Blogging is strange. Bloggers put their heart and soul out there and readers rarely comment so you have to be self determined and focused to keep going. So many bloggers quit. There are not many blogs about wildlife out there so that is one of the reasons I preserve. I originally started my blog to become a better writer about conservation issues. It helped and now I have a book on Amazon and another one being published with an Earth Day 2017 release and I write for other places like Africa Geographic Magazine. And my blog has gained a great following so after several years of working at it the whole thing has an energy of its own now.
5. In your several years of working in this field in various roles, can you share the positive changes you see, and the challenges we also face going forward?
Some days I think we have really made no progress with wildlife conservation especially with the over arching issues of human population growth, and climate change. But mostly I remind myself that we are amazing beings and have the capacity to do whatever we put our minds to. We currently have the technology and understanding of how to stop our current trajectory regarding climate change. Just in the last year we have seen chimps released from medical facilities, circuses around the world announce they will no longer use elephants, seaquariums stating they will no longer keep orcas, the list of good is long. But I am not delusional and know that all of us who love animals must never give up and must each continue to do our part to help.
6. You released your book Saving Wild, Inspiration From 50 Leading Conservationists in February this year. It’s a book every conservationist, activist or anybody working hard to bring about a change, should have by his/her bedside. What led you to write this book?
I tell the story in my introduction to the book of how this book came about. Basically I was in a down state of mind and needed some positivity. Out of curiosity and need I asked Jane Goodall and then other famous conservationists I know to tell me how they stay inspired despite all the negative impact on wildlife and wild places. Their answers were so inspiring to me I wanted to share them with the world. Thus the book!
7. What has changed for you after listening to the 50 conservationists answer your questions?
I think if they, who are mired in the negative issues day after day in their work, can stay inspired, than I can too. The book has helped me stay focused on what needs to be done and readers have written to thank me because the book is helping them as well.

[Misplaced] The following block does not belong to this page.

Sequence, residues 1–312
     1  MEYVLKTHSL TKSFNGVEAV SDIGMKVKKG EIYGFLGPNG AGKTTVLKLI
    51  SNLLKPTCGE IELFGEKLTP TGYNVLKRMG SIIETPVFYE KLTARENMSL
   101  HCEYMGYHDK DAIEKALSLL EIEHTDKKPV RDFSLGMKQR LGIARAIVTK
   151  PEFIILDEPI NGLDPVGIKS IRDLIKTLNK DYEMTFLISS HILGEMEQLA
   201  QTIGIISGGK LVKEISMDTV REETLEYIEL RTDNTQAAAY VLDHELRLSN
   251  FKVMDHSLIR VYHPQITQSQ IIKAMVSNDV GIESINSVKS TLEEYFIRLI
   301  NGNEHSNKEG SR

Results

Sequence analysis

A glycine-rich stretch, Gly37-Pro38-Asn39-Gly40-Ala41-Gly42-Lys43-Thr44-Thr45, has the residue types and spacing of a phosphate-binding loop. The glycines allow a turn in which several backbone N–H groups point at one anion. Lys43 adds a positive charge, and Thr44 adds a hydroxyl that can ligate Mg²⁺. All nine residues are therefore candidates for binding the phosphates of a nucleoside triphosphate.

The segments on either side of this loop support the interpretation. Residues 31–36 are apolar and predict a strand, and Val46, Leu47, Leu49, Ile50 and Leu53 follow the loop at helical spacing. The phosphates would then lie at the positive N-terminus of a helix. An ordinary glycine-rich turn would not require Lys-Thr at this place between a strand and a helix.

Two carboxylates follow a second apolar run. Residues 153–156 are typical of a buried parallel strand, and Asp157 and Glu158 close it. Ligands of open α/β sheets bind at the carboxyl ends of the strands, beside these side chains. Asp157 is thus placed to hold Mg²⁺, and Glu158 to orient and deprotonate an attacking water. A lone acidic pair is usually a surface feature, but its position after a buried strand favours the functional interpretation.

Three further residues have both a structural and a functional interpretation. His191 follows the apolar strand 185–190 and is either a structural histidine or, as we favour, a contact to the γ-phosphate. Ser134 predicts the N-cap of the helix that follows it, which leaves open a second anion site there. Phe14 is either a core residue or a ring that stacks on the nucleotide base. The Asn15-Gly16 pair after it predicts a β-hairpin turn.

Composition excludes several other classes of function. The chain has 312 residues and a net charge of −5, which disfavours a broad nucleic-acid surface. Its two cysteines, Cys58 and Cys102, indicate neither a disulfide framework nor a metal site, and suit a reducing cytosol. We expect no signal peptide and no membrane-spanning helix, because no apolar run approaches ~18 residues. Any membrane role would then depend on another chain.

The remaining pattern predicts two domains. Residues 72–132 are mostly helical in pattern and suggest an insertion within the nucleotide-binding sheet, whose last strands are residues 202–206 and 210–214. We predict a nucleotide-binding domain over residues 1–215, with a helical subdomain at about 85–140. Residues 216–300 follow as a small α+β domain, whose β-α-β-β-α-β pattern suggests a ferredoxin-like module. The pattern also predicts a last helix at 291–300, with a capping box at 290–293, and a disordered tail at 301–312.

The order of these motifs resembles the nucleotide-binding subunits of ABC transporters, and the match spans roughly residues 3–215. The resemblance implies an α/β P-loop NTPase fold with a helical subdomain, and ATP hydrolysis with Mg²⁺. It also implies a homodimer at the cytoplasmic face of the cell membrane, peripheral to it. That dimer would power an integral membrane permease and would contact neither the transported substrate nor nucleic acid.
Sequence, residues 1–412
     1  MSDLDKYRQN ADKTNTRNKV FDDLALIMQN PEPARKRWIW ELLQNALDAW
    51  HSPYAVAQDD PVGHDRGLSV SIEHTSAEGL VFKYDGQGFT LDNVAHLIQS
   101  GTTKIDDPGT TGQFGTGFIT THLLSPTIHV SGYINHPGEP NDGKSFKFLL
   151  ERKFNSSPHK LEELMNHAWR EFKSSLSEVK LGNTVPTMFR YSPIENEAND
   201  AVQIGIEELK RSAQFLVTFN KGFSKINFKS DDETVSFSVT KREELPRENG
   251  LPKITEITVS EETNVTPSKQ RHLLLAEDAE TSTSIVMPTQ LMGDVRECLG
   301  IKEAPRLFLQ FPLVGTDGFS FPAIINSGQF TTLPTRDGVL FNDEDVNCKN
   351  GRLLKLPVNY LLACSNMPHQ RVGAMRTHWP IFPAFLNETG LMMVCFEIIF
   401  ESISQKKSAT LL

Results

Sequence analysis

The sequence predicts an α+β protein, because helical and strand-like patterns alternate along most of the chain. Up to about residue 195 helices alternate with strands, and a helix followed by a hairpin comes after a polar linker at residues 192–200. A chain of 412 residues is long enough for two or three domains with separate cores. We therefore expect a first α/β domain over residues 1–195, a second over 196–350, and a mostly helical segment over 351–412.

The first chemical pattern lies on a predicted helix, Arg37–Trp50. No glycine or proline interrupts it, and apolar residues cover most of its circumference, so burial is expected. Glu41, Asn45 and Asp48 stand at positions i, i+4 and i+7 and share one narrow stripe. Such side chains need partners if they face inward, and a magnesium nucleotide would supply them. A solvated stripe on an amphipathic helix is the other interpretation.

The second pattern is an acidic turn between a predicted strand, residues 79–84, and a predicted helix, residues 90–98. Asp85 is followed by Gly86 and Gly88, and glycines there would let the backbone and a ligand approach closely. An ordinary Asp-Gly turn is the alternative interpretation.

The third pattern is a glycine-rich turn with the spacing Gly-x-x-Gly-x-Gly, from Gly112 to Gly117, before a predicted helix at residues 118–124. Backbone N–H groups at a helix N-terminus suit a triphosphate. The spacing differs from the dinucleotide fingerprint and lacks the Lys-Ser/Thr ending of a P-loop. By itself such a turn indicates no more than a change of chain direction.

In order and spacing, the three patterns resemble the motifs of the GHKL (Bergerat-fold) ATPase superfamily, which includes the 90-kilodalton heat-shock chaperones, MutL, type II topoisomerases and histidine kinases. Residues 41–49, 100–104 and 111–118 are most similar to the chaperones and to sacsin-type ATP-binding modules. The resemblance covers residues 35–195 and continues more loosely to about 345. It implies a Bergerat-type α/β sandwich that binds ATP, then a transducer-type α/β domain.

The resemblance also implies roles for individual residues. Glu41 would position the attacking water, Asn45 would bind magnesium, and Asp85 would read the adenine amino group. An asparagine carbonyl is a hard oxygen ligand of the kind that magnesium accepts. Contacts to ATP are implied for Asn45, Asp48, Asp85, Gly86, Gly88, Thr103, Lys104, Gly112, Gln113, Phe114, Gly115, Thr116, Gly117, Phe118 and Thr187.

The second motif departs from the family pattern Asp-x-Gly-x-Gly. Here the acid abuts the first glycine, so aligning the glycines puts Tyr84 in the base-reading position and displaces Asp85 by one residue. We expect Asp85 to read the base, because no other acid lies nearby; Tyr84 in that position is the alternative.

8. Everyone is so busy with their personal and professional work and in meeting the day-to-day demands. What are the small shifts you would like them to make if they are keen to engage in a Little Brown Job here on?
Everyone makes time for what is a priority in their lives. Start in your back yard. Plant natives for the birds, bees, butterflies and other creatures. Take down fences so wildlife has more room, spend more time outside, and know that every creature – spider, snake, raccoon, deer, bear, coyote… has as much right to be here as we humans do.
9. Lori, what are your plans going forward? What more is coming from the creator of SAVING WILD?
I am in the final draft of my next book which is due to the publishers August 1 and will be released for Earth Day 2017. It’s called Wild Lives and tells the stories of 20 amazing conservationists all over the globe who are saving polar bears, penquins, dolphins, cheetah, elephants, lions, giraffes, trees. These people and their lives are amazing and I am super excited about the book.
To read and engage with Lori Robinson, who ensures you stay inspired on your Little Brown Job or to start one, in any small way you can, here are the links:
a. Her amazing blog: The one that resonated with me immediately: SavingWild.com
c. Write to her after reading the blog and book: For someone who works passionately for the Earth, it is always nice to stay connected with them and also build your own community.
Thank you for reading this post. Please do share it with your children, friends, family and anyone who would be inspired in their Little Brown Job.